The Ford Motor Company recently announced the recall of several models because the wheels could fall off.
Now, I really like Ford. They are a solid American company that makes a quality product. In fact, I have owned several Fords in my life and I own one now. They have all given me years of trouble-free service. Unfortunately, self-detaching wheels is not an attribute your average consumer looks for in a motor vehicle.
Not all of my cars and trucks have left me with purely positive experiences. One notable example was a 1966 Buick Electra 225 (similar to the one pictured), known affectionately to car buffs as the “Deuce-and-a-Quarter.”
We weren’t rich back then and 1966 was a distant memory. By the time we took possession of that vaunted Electra, it had seen better days and its only claim to fame was that it was the largest passenger car to prowl the American highways.
That old tub drank gasoline like a Georgia Tech frat boy drinks cheap beer and it smoked like Tommy Chong. To my chagrin, it was cursed with the proclivity to have random parts fall off at inopportune times. The more critical the part, the more inopportune, and the left rear wheel was no exception.
On a beautiful, early spring day in Georgia my lovely bride and her girl friend decided to take the old float out for a spin. At the time, we lived in a small town outside of Atlanta and the girls were traveling a two-lane asphalt road headed west to a slightly larger village a few miles distant.
I mention the asphalt thing only because many of my Yankee friends are convinced all Southern roads, save the Interstates, are dirt, paved with horse manure.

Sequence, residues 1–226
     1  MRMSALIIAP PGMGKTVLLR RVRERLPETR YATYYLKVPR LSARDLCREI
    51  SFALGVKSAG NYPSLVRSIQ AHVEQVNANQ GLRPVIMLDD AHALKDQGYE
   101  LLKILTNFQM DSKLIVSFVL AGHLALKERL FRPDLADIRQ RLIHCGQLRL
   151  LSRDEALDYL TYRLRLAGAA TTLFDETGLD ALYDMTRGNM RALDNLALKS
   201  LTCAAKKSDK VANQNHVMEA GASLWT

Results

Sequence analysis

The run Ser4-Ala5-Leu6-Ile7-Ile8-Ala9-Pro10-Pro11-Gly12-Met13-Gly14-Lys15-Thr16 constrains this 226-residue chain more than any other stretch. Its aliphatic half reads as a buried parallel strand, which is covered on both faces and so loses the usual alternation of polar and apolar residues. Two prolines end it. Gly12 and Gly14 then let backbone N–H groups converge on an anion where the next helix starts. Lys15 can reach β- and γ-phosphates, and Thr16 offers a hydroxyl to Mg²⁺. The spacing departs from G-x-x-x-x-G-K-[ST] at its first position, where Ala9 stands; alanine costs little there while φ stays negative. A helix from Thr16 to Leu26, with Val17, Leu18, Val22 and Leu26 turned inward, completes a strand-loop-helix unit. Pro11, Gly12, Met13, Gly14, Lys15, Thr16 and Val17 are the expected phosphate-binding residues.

This particular road was a major thoroughfare that linked Atlanta to Birmingham before the guv’ment decided to build Interstate 20 (“The 20” for all you Southern California folks.) On the day in question, a lot of people were out and about looking for trinkets and hidden treasure at the yard sales and flea markets that lined the highway.
My wife, in her white Deuce-and-a-Quarter, had just lumbered through a gentle right hand turn in the highway when the rear wheel made the ill-advised decision to part company with its axle and travel to a different destination. As that huge Goodyear merrily skipped through casually-manicured front yards and across the railroad tracks, the Electra suddenly squatted down on its rear haunches and dug its brake drum into the hot pavement.
Those of you daring enough to attend a traveling carnival have probably ridden a little vomit-machine known as “The Scrambler.” Without having to pay the price of admission, our two ladies instantly felt the thrill of riding the Scrambler, only taken to another level.
As that behemoth of a car whipped in tight circles, daintily bisecting the center line several times, my beloved fellow southerners on the highway that day remained unimpressed as they casually drove past the world’s largest spinning top. Amazingly, the oncoming cars managed to tiptoe by and no one was struck by this Buick-turned-dradle.
My wife and her friend, by the grace of God, came out of the maelstrom dizzy as June bugs on a string, but uninjured. Until the state highway department eventually repaved said highway, the only evidence that remained was a vulgar, deep gash in the road.
I suppose this tale speaks to the fact that mechanical failures can happen to anyone. More importantly, it demonstrates how Southerners tend to remain calm and collected in the face of danger.